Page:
FILM / Party members

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The Independent Culture
THERE WILL be the usual giggling on the platform, the fluffs, the forgotten speeches, and the tears. But to witness real nerves you need to see them opening that other envelope. The one that arrives - they hope - in the weeks beforehand, inviting them to a post-Oscars do.

For many in Hollywood, what happens after the Academy Awards is almost as important as being seen at the ceremony itself. It determines whether they are perceived as an established figure or an also-ran, whether they are on the inside track or still struggling to make their name. To be left with nowhere to go but home is a total disaster.

For years, the main arbiter of social success has been the veteran agent and wheeler-dealer Irving Lazar, otherwise known as 'Swifty' - a nickname which Humphrey Bogart gave him after he made three deals for him in a day. His gathering, referred to by the cognoscenti merely as 'The Party', is undoubtably the premiere event on Oscar night.

For lesser mortals, getting into Swifty's event is not much easier than sharing a bedside cigarette with the Queen. Mr Lazar has built up a reputation both for ejecting gate-crashers with considerable relish, and for paying little heed to the begging, attempted bribery, and whinging of those who did not make it on to his invitation list.

Over the years, his party has generated its own mythology: James Goldsmith is said to have asked if he could bring along a European royal, only to be instantly denied. Dates accompanying invited guests have found their entrance barred, and have been forced to stalk back to their limousines. When Sylvester Stallone wanted his bodyguards to come inside with him, they were ordered to stay in the bar.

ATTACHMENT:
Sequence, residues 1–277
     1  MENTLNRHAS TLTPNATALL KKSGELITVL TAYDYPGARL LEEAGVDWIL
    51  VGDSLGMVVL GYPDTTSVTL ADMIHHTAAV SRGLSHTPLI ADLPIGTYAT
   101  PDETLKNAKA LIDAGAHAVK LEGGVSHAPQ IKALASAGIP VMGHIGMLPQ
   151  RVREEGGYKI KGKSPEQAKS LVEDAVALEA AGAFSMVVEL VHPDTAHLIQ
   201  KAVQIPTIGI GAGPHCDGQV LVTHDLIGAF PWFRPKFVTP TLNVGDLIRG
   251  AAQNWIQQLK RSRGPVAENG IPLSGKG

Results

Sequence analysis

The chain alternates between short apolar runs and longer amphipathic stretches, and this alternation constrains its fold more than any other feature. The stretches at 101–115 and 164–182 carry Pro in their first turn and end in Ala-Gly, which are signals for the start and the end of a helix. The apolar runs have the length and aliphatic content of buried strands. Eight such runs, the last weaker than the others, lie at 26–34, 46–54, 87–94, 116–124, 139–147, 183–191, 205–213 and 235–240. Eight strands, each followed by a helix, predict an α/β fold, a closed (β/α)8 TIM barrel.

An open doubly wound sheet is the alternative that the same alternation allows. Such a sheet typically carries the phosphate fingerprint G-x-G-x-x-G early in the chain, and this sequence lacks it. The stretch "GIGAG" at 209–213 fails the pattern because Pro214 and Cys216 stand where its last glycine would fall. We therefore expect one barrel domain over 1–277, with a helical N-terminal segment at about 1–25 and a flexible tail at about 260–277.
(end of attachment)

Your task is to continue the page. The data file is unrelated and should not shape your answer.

Last year the party, traditionally at Spago's restaurant in West Hollywood, attracted many of the usual suspects - Whoopi Goldberg, Sharon Stone, Tom Cruise, and Nicole Kidman - and this year star-watchers predict sightings will include Elizabeth Taylor, Billy Crystal and Barbra Streisand. It may be an historic occasion. Mr Lazar, who will be 86 the day before the show, lost his wife in January, and there are suggestions that this may be the last Oscars party he will throw.

There are other options for at least some of the snubbed-By-Lazar brigade. Almost all the big players put in an appearance at the Governors Ball, the official Academy party which is held next door to the awards show, before 'limo-ing' off (one of the Hollywood media's more revolting words) to more trendy pastures. This year Elton John is organising a Beverly Hills party to raise funds for Aids research and has invited some of the more impressive Oscar contenders, including Neil Jordan, Stephen Rea and Denzel Washington. That other big candidate - Clint Eastwood - is planning an extremely private gathering of his own at an undisclosed location.

How entertaining the night will be remains to be seen. There is a slight feeling of coolness about this year's Oscars. So far, the only sign of life comes from the Women's Action Coalition which plans to plaster the town with posters of 'Oscarellas' - a female version of the eunuch trophy - to protest the lack of decent female roles. Somewhat unfortunately, the Academy has declared that the theme of this year's show is 'Oscar Celebrates Women and the Movies', only to discover that, in the event, it does nothing of the sort.

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